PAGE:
CRM vendors are going back to the drawing board. Believing that the complexity of CRM applications has impeded their use, they are developing simpler user interfaces.
Recently, a particular focus has been on Web-based portals that can be tailored to each user. So-called CRM "dashboards," which represent multiple sets of data in one screen view, have begun to proliferate.
"The evolution of portal frameworks that sit on application suites is one major trend," said Michael Park, VP-global product marketing at SAP AG.
Park notes that a portal framework and CRM dashboards are not new. Two years ago, SAP acquired Top Tier, a portal technology company, in order to make headway in this emerging market. The latest version of mySAP CRM, which SAP will release officially on September 5 at their SAPPHIRE user conference in Lisbon, will be the vendor's first attempt to tie all company applications into a portal interface.
Moreover, a new feature in
mySAP will enable the creation of various "roles" for titles such as
VP of sales, head of human resources and customer service representative.
User interface overrated
But some users say a focus on the user interface is the wrong way to look at the challenge of CRM.
"A lot of people are building dashboards before building a chassis," said John Ounjian, CIO at Blue Cross and Blue Shield of Minnesota. "You have no chassis, thereâs no framework."
The platform Ounjian created employs a mixture of technologies from Vitria Technology Inc., Kana Inc. and Aspect Communications Corp. Using a Web-based interface and Web data integration technologies, Blue Cross and Blue Shield of Minnesota can automate business processes and help its call center marry and manage incoming information from online and phone contacts.
Fierce competition to simplify
The competition to build simpler interfaces is fierce.
In July, Epicentric Inc., a company that bills itself as a "scalable portal vendor," announced its portal product specifically for SAP. And E.piphany Inc. in March introduced its latest application suite, E.6, which offers a flexible, scalable dashboard interface.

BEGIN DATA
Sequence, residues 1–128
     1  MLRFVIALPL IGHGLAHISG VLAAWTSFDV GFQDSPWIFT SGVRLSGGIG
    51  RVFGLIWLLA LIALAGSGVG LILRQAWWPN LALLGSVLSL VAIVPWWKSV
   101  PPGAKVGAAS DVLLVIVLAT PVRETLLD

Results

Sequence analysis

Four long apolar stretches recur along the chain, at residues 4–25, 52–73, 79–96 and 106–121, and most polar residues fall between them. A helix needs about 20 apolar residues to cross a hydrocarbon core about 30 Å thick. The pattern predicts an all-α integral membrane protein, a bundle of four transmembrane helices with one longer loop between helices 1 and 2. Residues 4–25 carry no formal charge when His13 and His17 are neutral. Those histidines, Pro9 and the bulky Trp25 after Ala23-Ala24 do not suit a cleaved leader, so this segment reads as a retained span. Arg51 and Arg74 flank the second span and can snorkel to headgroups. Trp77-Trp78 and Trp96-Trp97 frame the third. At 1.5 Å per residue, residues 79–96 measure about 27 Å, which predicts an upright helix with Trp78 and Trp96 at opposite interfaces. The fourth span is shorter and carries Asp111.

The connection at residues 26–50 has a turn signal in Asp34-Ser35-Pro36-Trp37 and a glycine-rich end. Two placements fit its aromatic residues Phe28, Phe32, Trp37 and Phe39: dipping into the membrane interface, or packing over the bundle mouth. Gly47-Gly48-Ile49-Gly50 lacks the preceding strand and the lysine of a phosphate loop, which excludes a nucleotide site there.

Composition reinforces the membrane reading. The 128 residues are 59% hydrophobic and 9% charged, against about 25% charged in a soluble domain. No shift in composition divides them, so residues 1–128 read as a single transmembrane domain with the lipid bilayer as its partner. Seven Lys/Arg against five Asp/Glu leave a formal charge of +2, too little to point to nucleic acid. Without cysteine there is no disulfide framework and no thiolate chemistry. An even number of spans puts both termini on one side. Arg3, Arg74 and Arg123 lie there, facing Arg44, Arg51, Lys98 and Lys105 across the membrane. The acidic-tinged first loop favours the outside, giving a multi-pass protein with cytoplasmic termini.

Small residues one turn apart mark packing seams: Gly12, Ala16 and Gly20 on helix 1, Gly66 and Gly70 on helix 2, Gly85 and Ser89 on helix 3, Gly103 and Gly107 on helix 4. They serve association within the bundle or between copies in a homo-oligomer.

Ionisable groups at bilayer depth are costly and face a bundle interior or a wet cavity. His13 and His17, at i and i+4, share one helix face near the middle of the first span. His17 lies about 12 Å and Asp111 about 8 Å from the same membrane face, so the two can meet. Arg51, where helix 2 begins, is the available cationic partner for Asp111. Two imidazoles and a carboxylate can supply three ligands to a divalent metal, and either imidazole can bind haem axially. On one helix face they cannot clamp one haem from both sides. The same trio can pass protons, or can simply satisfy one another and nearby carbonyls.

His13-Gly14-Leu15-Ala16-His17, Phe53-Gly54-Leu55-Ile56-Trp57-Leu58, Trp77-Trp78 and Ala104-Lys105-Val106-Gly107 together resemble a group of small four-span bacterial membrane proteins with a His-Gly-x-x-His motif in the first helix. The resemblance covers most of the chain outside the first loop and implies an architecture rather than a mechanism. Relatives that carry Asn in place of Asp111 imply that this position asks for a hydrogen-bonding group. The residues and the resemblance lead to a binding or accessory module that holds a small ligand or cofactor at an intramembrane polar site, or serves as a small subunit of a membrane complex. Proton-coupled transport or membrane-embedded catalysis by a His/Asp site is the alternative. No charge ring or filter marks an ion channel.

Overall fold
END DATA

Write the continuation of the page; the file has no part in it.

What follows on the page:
Another CRM vendor featuring a role-based interface is Aprimo Inc., which in April launched its Marketing 5.0. Whatâs new is a way to give each user a customized view of what Aprimo calls "enterprise marketing management applications."
One interface helps
Making all customer data available from one interface has helped Marshall & Ilsley Corp., a commercial and retail bank in Milwaukee.
"It gives you that one view of the customer, and it helps you to understand how to market to them," said Mike Grundhoefer, assistant VP at Marshall and Ilsley.
The bank uses the P/CIS CRM database from Harte Hanks Inc. to manage customer information from several sources in one data repository. Marshall & Ilsley manages direct mail and telemarketing campaigns through its in-house ad agency for all its b-to-b clients.
The latest advance in the software, Grundhoefer said, is multi-channel preference capability. "If you know a customer only likes to be contacted by e-mail, thatâs easily set up now," he said.
Lisa Arthur, VP-CRM and services marketing at Oracle Corp. said marketing executives still need access to "the real nuts and bolts technology components like database marketing modeling or analytics." The problem, she said, is that most users lack the ability to get at that information easily.
Oracle spent the last year incorporating all of its applications into a browser-based portal, Arthur said.
"The next iteration of that, Daily Business Intelligence, is coming in the next six months," she said. The tool will provide "up-to-the-minute" business information across the organization.
Arthur refers to this as "deeper analytics out of the box," with more role-based personalization by department. "In finance [for example], theyâll get a broader financial picture, while marketing will get a more finite set of data," she explained.